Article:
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Saturday, July 20, 2024

Innovative Forestry Balancing Timber Production With Environmental Aims

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Forestry and Land Scotland (FLS) is using innovative harvesting practices to strike a balance between productive forestry and looking after nature.

Instead of clearcutting the entire area, a technique known as ‘strip felling’ is being implemented for blocks of commercial Scots pine on the Black Isle near Inverness.

This involves selectively removing trees in parallel strips and leaving some trees standing between the strips.

This method of harvesting is more gradual, as strips of trees are cut over time and is a more controlled and phased approach that when compared to conventional clear-fells produces a more intimate feel to the forest.

FLS North Region Assistant Operations Manager, Luke Wilson, said:

“We are always looking at ways to improve our timber resources while at the same time managing our forests in a sustainable way that continues to benefit the economy, local communities and the wildlife within them.

“Following successful trials, we are now doing more strip felling across the Black Isle.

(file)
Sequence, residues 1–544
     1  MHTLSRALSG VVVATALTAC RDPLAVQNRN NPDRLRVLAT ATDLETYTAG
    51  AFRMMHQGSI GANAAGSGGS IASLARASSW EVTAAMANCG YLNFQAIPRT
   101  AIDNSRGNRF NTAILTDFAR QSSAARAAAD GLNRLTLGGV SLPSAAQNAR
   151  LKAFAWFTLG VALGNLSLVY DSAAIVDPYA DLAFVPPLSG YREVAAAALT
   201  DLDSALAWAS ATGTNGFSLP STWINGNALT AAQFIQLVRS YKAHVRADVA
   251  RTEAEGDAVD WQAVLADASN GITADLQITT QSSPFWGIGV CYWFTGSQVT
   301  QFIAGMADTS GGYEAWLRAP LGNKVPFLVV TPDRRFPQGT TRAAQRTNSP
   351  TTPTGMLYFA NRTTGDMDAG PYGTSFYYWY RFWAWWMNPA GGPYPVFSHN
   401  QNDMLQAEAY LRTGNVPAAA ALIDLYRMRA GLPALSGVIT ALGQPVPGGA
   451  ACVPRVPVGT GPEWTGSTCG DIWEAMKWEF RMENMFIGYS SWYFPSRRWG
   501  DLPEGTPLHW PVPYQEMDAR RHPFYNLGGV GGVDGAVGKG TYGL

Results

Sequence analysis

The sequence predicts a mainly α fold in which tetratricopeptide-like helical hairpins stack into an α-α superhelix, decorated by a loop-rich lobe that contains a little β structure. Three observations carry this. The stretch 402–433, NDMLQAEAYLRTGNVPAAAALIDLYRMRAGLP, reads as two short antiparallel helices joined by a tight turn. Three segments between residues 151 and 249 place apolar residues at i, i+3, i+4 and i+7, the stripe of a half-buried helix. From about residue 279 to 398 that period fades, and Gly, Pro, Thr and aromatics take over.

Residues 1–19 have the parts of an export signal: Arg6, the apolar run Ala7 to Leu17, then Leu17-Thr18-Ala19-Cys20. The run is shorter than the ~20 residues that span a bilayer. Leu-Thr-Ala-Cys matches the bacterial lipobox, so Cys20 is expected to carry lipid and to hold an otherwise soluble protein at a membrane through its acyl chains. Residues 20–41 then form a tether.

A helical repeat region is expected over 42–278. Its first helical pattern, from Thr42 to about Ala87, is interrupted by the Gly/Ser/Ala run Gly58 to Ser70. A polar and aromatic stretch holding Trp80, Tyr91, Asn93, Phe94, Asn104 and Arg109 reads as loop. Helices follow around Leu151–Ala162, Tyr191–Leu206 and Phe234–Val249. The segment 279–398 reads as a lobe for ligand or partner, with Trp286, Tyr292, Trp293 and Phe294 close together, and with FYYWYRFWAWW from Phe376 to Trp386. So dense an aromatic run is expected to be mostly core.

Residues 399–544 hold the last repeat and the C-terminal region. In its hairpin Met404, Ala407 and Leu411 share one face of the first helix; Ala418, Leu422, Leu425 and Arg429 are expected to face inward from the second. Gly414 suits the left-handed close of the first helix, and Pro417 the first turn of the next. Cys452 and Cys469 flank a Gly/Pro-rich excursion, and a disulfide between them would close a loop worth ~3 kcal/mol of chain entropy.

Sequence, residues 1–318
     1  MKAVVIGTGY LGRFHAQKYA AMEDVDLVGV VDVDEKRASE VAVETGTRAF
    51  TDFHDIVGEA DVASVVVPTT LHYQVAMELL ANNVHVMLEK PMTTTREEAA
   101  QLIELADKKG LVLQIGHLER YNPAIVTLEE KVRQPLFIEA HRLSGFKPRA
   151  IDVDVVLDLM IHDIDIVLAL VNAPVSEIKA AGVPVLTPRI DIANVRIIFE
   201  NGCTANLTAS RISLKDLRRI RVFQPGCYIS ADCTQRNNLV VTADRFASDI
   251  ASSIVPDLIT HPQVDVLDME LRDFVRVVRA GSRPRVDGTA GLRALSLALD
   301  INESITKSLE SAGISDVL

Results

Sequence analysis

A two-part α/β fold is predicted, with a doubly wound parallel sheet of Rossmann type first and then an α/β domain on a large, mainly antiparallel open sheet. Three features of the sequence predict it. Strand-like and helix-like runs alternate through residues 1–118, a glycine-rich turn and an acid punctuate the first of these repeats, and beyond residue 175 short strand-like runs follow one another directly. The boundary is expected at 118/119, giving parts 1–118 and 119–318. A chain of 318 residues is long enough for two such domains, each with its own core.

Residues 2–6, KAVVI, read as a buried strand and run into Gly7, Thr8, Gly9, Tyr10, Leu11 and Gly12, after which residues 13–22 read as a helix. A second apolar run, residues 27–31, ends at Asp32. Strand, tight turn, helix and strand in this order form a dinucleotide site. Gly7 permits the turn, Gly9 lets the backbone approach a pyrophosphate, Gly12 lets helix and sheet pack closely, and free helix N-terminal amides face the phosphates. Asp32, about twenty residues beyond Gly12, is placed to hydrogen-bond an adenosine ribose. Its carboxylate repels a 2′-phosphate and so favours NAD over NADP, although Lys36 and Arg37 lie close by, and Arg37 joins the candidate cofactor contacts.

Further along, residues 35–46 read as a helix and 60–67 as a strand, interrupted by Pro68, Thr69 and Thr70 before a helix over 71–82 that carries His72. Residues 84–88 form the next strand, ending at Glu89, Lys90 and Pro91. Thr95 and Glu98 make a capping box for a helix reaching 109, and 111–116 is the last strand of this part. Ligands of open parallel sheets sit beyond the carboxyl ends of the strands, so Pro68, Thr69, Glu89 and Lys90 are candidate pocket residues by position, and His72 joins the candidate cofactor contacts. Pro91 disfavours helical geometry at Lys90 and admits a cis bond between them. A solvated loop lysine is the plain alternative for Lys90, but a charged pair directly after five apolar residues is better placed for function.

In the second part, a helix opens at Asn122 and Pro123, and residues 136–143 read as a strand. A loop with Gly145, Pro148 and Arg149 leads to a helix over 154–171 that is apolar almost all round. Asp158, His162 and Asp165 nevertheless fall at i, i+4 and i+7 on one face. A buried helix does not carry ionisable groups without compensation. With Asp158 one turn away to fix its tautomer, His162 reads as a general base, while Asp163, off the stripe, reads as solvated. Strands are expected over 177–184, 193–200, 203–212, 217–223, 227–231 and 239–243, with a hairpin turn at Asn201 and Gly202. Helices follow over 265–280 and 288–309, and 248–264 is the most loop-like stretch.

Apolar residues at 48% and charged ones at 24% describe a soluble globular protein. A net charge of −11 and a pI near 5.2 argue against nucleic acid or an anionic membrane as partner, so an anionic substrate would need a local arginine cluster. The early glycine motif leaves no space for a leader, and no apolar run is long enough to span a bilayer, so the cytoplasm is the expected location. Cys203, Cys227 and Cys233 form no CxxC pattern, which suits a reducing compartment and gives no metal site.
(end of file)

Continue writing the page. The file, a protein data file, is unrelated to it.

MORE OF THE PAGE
“Strip felling maintains a more diverse forest structure helping to retain biodiversity and provide habitat for various species.

“By adapting our productive forests, by giving them a greater mix of trees of different ages, we can make them even more beneficial for a wide range of animals and plants.

“Overall, the objective of strip felling in this area is to balance timber production with ecological, aesthetic and financial considerations.”

Strip felling also supports and sustains natural regeneration while maintaining continuity of tree cover.

Mr Wilson explained:

“The series of narrow, elongated strips that are cut through a forest block mean seeds from trees left standing are dispersed across the clear ground and any sunlight that penetrates these open areas is maximised.

“We have seen excellent rates of seedling densities across strip felled sites.

“We want to ensure the continued sustainable timber production from Scotland’s national forests and to grow this important sector for Scotland’s benefit.

“Trialling and adopting new ways of working can help us achieve this.”

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